There are actually three speeds to the jab. Some people don’t know that. Trainer - Calvin Ford

“In the gym they see what they should do when it happens to somebody else. That’s the best lesson. When you see it from the outside, and somebody’s explaining to you ‘This is what they should’ve done,’ it’s going to register more.” 

The Mind 

There was a memorable moment between rounds in the Davis-Yuriorkis Gamboa fight when Ford could be heard telling Gervonta, “When I say penitentiary, put that knife in him.”

“That night I forgot I was on the mic, and you’d be surprised at what coaches tell their fighters to get them to tick,” explained Coach Calvin. “I use a lot of terms to tap into what Tank is thinking. We’ve been together for so many years. It worked. It was a great button to push to get him to do what I needed him to do, because it was a great finish in that fight [12th round knockout]. This is my saying: ‘He can get you from one to twelve now. Which one you want?’

“The video went viral. The funny thing about it is people say, ‘Look at Tank’s face! He was in the zone!’ I looked at that tape and I was like, yo, man, he was sure enough into it! When I got off the plane, they was saying, ‘There’s Coach Penitentiary right there!’ And I thought, ‘Oh my God, what have I done?’” (laughs).

Ford described how he helps his fighters prepare for adversity in the ring.

“When I see Tank not paying attention, that’s when I get on him. People don’t know this, but fighters get lackadaisical sometimes in a fight. It’s like a part of you gets bored a little bit. So you start letting your guard down. Main thing I work on as far as a situation like that is that he’s paying attention. ‘You got hit with a good shot. Look at me.’ To make sure that you understand I’m saying something to you. If I see that you ain’t paying attention to me when I say something to you, that means something’s seriously wrong.”

Training Camp

“This camp (for the Leo Santa Cruz fight) is not my traditional camp but he’s doing everything I need him to do. The traditional camp, you got coaches waking a fighter up to go running, things like that. I told Tank, ‘You grown, you at this level, so at some point in your life you have to take charge. So you get up and do the running when you feel like it, just make sure you call me when you do it.’ I’m getting more out of him [now].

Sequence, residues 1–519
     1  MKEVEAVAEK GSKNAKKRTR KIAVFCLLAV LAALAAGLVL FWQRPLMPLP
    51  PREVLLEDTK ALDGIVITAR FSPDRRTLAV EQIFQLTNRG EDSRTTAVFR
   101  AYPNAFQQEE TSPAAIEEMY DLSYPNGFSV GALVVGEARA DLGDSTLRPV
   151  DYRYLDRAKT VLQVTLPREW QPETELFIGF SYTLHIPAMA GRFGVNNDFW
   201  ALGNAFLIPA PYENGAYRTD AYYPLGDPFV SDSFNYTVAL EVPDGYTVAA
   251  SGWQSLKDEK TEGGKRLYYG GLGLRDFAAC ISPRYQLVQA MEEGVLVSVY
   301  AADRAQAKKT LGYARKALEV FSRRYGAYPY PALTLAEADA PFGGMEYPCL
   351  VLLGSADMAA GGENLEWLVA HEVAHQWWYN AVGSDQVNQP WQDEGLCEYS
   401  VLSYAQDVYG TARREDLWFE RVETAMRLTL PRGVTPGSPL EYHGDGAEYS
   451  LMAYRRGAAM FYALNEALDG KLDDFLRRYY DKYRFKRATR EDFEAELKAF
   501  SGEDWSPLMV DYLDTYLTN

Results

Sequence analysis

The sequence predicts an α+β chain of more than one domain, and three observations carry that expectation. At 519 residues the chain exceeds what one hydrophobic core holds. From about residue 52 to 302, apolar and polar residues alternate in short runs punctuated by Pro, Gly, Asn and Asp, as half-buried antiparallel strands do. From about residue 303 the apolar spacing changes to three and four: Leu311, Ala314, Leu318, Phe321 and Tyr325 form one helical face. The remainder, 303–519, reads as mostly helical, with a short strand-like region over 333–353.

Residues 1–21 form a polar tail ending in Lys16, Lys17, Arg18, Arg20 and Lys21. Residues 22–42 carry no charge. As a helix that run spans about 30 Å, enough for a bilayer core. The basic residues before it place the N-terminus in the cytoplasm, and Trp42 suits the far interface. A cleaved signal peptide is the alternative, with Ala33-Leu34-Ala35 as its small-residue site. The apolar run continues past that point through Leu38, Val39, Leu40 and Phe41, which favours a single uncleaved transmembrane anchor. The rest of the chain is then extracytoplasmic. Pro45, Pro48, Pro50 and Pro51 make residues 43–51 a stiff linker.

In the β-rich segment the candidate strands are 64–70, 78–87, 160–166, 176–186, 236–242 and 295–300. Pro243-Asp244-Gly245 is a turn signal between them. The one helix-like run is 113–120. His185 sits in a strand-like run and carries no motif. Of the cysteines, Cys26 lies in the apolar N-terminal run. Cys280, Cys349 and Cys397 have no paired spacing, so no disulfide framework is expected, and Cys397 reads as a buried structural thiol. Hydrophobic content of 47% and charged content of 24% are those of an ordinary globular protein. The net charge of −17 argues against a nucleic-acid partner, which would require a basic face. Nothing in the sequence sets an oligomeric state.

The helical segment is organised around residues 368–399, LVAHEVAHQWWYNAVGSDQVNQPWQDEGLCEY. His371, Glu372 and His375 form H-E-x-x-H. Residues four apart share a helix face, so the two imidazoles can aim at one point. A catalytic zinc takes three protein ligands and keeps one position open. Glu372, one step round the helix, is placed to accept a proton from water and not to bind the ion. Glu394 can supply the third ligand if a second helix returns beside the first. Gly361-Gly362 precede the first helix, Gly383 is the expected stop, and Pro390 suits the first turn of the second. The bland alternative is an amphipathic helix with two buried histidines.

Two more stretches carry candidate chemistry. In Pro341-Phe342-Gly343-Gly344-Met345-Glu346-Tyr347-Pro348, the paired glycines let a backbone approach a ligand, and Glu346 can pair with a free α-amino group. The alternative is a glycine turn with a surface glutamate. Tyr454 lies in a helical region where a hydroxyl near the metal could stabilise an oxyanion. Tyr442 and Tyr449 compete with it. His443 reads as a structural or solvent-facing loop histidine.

“This opportunity at this time in my life, it reminds me of when I used to watch Floyd and his dad. And now I got the person who wrote the blueprint helping me. So I feel like, Wow…People don’t understand that Floyd is really passing the torch to Tank. But he’s doing it in a different way—he’s letting me still do my job, and I’m learning off of him as a coach to make sure Tank is understanding what Floyd is trying to give to him.

“I listen to the commentators and what they’re saying about my guy, and I try to tighten it up. Old school Michael Jordan used to do that. I try to shut the writers up.”

Leo Santa Cruz

“[Volume punching] is Santa Cruz’s strength. Every fight I’ve seen him in, he throws a million punches. Look at Paul Williams. He threw a lot of punches. But guess what? One punch can change a fight. You can throw a million, I just got to get one good one. I know Santa Cruz is coming like that. I invite him to come like that. But if I can change his style of fighting, I got him.

"I’m happy and grateful for where I’m at too. This fight right here, all the work I put in with him…Thank you, Tank.” 

For a closer look at Davis vs Santa Cruz, check out our fight night page.